He’s an ancient king of Ireland and a modern American novelist.

Thanks to Bevin for suggesting her brother’s moniker as Name of the Day: Cormac.

Cormac is Irish, and just like Aidan and Ryan, Connor and Brendan, his kelly green color gives him a lift. His meaning, however, is open to debate. I’ve found four:

  • Tree trunk;
  • Charioteer;
  • Son of the raven, not unlike Corbin;
  • Impure son – another possible translation for the Gaelic corb is defiled.

The raven link is perhaps the most appealing, but a parent would have to accept a certain amount of ambiguity with this choice.

What’s certain is that Cormac reads Irish, thanks to the third century High King of Ireland Cormac mac Airt. While it is difficult to separate history from legend with the High Kings, Cormact was almost certainly a real person. And a good real person, too – most accounts suggest that he was a wise ruler.

Cormac would’ve been king during the lifetime of Finn McCool, and so he’s often mentioned in Celtic myth. The tales of his military campaigns may have some basis in fact; the stories of magic contributing to his success, probably not so much. Some accounts also claim that he converted to Christianity late in life. Given the difficult of dating his reign, that’s hard to prove.

Another Cormac appears in Celtic legend, this time an exiled prince from the Ulster Cycle.

A few other historical figures worn the name, including:

  • Saint Cormac, a sixth century Irish abbot, lent his name to the village where he lived – Kilcormac. You can still visit St. Cormac’s Well;
  • Cormac mac Cuilennáin, an Irish bishop and scholar, once considered a saint;
  • A twelfth century Bishop of Dunkeld in Scotland.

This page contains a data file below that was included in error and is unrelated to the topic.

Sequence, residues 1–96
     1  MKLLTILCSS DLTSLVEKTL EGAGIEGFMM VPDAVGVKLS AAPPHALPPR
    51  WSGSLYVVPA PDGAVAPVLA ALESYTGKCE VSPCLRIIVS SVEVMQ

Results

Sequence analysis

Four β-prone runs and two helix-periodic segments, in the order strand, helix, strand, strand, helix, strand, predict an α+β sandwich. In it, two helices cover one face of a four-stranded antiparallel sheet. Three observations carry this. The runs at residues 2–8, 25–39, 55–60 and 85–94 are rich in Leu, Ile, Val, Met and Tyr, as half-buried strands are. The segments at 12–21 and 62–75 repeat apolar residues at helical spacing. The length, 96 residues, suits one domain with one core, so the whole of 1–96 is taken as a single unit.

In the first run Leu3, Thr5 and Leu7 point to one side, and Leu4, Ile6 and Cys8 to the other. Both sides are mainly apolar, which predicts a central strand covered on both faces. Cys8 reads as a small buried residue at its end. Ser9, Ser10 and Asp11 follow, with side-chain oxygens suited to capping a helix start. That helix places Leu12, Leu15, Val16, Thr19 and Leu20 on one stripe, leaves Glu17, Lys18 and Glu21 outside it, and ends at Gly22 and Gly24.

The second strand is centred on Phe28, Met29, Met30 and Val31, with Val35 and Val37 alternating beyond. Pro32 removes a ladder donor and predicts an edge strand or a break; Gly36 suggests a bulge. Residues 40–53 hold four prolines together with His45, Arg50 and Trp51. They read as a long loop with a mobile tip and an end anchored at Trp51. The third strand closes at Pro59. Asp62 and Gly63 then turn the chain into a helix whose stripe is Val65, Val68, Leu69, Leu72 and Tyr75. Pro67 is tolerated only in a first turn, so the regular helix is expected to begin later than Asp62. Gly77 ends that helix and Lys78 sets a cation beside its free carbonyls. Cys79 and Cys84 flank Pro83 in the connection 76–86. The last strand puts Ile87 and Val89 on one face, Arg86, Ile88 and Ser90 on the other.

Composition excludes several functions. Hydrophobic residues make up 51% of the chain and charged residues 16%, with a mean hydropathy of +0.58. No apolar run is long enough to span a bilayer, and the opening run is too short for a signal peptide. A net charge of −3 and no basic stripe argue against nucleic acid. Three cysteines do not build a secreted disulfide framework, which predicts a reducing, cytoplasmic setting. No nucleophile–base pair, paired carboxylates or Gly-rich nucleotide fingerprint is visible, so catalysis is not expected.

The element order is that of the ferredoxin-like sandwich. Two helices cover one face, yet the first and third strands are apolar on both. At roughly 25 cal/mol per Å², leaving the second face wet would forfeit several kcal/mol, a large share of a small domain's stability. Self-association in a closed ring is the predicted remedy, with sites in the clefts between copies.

In an interesting twist, twentieth century writer Charles McCarthy chose the name for himself. Today Cormac McCarthy is a well-known novelist – and he’s often considered a Southern novelist. This gives Cormac a certain cowboy cool vibe – and perhaps opens him to use by families without Irish backgrounds, too. Cormac could almost substitute for Wyatt.

Cormac also occupies that elusive space – familiar, but never ranked in the US Top 1000. In Ireland, he’s charted in the Top 50 in recent years. You might hear him in Scotland, Australia or Canada, too. But in San Fransisco, Minneapolis or Miami? Your Cormac will stand out in the crowd of Aidans.

With the masculine nickname Mac or the retro 80s Cory, Cormac is also far more flexible than many a two-syllable name.

It’s hard to find a name with more potential for a son than Cormac.

About Abby Sandel

Whether you're naming a baby, or just all about names, you've come to the right place! Appellation Mountain is a haven for lovers of obscure gems and enduring classics alike.

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What do you think?


  1. It’s pronounced Cor-muck. I’ve been researching it all morning and the pronunciation MACK is anglicized.

  2. My husband (who is Irish…as in born there.) and his family pronounce it Cor-Mac. They don’t have extremely strong Irish accents though (varies by where in Ireland you’re from, much like the US). I think the pronunciation “mick” comes from the accent…not necessarily the correct emphasis. For instance – my name is Pam. In Texas it’s pronounced P-aym. In England it’s more like Pahm. Neither is wrong…they’re just different accents.

  3. Cormac (we say COREmick) is my youngest son’s name. We call him Mac or Mackie. Love the name 🙂

  4. Yup, we pronounce it just like Sebastiane does. My brother goes by the nickname “Maggers” rather than “Mac”, though I’m not quite sure how that started!

    Love the review – lots of stuff in there I didn’t know about 🙂

  5. I much prefer Cormac to the overused Connor. It at least has a more usuable nn for a boy, Mac, which I find quite cute, or even Cory.

  6. I like Cormac but I struggle with saying it. I tend to say it more like “Cormick” and have to concentrate to pronounce the “mac” part correctly. How are other people saying it?